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Puffer

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Everything posted by Puffer

  1. Nearer, my God, to Thee Nearer to Thee E'en though it be a Sky Jack That raiseth me
  2. ASOS continues to offer high-heeled footwear for men (and others). These ankle boots are now on the website, both available up to UK12: The stated heel height on the first is 6"; the second is 4.5". I will leave others to decide whether they are attractive and wearable, especially given the platforms and/or diamante trim.
  3. No indeed - the hi-viz jacket would be totally inappropriate. 😁
  4. At Waterloo Station, you would definitely need platform shoes! I am reminded of the two woman chatting at a dinner party. One told the other that she had an ancestor who was killed at Waterloo. The other asked (innocently): 'Really - which platform?' . The first responded (disdainfully): 'As if that mattered.'.
  5. I agree - and end up with your two legs stretched to slightly different lengths and you would spend the rest of your life walking round in circles! (But, if you ever did decide to go ahead, you'd have to change your name to 'kneeshigher'.)
  6. Quite so. The never-ending (and very repetitive) television coverage all week has been tiring enough, even if watched selectively.
  7. The absence of a review, especially of a more unusual or extreme-styled shoe (ASOS or otherwise) leaves potentially interested buyers at a disadvantage. Do the shoes run true to size; are they comfortable; are they well-made??? Without some feedback - good or bad - anyone buying 'blind' is taking a bigger chance than they need. ASOS is not known for consistency in size/fit, for example, so any purchase likely to be a gamble. I would have to decide between at least three size/width fittings if I was buying anything from ASOS.
  8. Yes, the absence of reviews is unfortunate - and perhaps worrying.
  9. Interesting to see that (as of today) these ASOS stiletto boots are all sold out except for size UK6 (which very few men would need). I wonder if the other sizes (up to UK12) proved very popular or simply that the quantities manufactured were low - testing the market, perhaps? There are currently other ASOS boots for men with modest heels, of which these are perhaps the most 'daring' - and still available in sizes UK 6-9, with UK 10-12 sold out. Imho, they look very good when worn as shown with slightly flared trousers, although the chain is rather too prominent.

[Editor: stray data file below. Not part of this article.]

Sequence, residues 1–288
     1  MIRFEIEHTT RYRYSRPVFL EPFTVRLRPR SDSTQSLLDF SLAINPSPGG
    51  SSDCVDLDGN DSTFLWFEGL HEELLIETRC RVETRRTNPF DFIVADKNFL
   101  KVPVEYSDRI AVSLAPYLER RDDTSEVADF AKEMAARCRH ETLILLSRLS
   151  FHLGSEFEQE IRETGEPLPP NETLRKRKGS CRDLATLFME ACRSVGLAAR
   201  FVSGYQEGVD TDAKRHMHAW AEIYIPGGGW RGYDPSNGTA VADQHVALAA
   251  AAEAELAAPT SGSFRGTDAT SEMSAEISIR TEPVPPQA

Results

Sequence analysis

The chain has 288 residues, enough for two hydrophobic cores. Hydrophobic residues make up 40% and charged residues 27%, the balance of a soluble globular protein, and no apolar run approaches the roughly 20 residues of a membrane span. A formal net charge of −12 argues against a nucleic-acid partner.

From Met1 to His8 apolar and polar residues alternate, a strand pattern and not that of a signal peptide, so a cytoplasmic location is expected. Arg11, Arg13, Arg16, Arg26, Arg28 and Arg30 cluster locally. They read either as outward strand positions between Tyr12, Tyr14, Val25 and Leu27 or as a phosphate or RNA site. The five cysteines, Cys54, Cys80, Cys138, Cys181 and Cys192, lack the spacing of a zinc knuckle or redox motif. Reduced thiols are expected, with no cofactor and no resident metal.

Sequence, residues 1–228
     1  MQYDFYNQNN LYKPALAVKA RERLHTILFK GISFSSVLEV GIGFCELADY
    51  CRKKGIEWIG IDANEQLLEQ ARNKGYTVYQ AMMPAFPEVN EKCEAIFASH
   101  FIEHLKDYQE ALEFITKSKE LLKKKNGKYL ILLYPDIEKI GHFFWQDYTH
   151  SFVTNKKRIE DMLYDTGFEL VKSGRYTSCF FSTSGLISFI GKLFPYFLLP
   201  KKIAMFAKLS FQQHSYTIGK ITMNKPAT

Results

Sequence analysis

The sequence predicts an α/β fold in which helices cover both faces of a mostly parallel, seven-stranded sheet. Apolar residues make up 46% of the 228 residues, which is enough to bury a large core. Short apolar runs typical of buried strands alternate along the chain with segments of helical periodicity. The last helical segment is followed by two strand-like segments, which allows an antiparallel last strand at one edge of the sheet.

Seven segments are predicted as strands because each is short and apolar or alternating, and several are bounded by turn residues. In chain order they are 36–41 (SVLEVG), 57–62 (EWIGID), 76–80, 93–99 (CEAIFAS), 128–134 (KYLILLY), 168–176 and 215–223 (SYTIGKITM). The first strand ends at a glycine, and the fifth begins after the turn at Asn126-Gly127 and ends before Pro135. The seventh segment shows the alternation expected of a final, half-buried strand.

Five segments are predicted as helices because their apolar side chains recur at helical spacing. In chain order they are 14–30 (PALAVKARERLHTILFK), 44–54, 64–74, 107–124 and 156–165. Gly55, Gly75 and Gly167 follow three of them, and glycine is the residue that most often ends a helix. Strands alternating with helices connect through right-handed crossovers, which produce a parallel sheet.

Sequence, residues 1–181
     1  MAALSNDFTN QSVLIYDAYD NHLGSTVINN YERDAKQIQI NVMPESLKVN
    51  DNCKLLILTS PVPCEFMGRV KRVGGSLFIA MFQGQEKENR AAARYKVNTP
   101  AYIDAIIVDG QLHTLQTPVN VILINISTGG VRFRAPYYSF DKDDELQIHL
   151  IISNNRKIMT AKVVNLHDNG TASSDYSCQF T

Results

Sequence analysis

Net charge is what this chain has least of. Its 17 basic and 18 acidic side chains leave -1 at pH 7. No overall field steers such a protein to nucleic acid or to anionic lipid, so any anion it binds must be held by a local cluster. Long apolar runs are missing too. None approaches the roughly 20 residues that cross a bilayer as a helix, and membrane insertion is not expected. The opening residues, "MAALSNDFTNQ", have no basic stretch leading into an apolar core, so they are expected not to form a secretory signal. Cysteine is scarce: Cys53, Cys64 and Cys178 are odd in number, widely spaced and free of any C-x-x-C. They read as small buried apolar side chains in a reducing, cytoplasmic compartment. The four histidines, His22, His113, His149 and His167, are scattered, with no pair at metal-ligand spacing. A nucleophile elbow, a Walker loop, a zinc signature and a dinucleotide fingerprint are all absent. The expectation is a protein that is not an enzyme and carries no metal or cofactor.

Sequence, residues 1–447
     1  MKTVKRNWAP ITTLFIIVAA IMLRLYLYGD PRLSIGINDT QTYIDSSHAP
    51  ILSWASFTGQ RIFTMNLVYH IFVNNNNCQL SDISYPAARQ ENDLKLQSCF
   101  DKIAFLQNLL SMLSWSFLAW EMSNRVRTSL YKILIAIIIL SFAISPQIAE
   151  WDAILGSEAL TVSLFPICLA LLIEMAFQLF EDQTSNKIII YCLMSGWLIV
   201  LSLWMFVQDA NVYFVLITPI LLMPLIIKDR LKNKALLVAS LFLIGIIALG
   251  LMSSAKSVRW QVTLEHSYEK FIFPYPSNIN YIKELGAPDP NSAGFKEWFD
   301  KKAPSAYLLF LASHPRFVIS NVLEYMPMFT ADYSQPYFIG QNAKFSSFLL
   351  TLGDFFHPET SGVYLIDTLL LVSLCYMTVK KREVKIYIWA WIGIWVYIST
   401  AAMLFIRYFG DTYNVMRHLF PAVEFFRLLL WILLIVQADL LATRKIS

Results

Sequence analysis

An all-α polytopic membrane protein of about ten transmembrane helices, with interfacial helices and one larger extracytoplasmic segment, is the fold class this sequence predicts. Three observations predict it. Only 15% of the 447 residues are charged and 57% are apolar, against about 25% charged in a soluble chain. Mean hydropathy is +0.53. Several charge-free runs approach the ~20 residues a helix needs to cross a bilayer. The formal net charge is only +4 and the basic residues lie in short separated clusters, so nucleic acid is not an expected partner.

10. I'm glad to hear that the account was true. My doubt was based on the publication of other stories to like effect, e.g. American tourists who had wandered into the Balmoral gardens and came across the Queen and her gardener planting roses, with a similar question and reply.
  11. There is a story (possibly apocryphal) of the American tourist couple who, wandering around the countryside near Balmoral, came across the Queen, out walking and accompanied by her policeman 'minder'. They failed to recognise her in her very casual country clothes but, knowing that the Queen's residence was nearby, asked her if she had ever met the Queen. The queen replied, deadpan, 'No - but he has', indicating the policeman.
  12. I sent you a PM a while ago which you appear not to have seen yet.   You may wish to read it.
    Puffer

  13. Nearly everything shown there is ugly and cumbersome - good only for Frankenstein's monster at Halloween. I suspect that what most of us want is a development of the Beatle boot - slimmish block/Cuban heel (3 - 4"), tapered toe and no platform or other thick sole.
  14. I bring a warning from the Pharaohs: 'Watch your step'.
  15. Quite apart from the silly prices, the first Madden pair would suit Frankenstein's monster and the second offer nothing that is not already available elsewhere. But heels are heels ... The Vasini boots look good but are again far too expensive.
  16. I've never heard anyone in the UK call an LED a 'led', but no doubt some do. Yes, 'TTFN' did indeed feature prominently in ITMA and I'm sure that was indeed its origin. There were a number of other catchphrases in that extremely popular programme, most of which have survived, even though used by people who (like me) were born well after the programme last aired. I blame my late parents (both fans of ITMA) ... As to 'Tigger', I should perhaps have recognised the character and the setting but have never seen the film - perhaps just as well.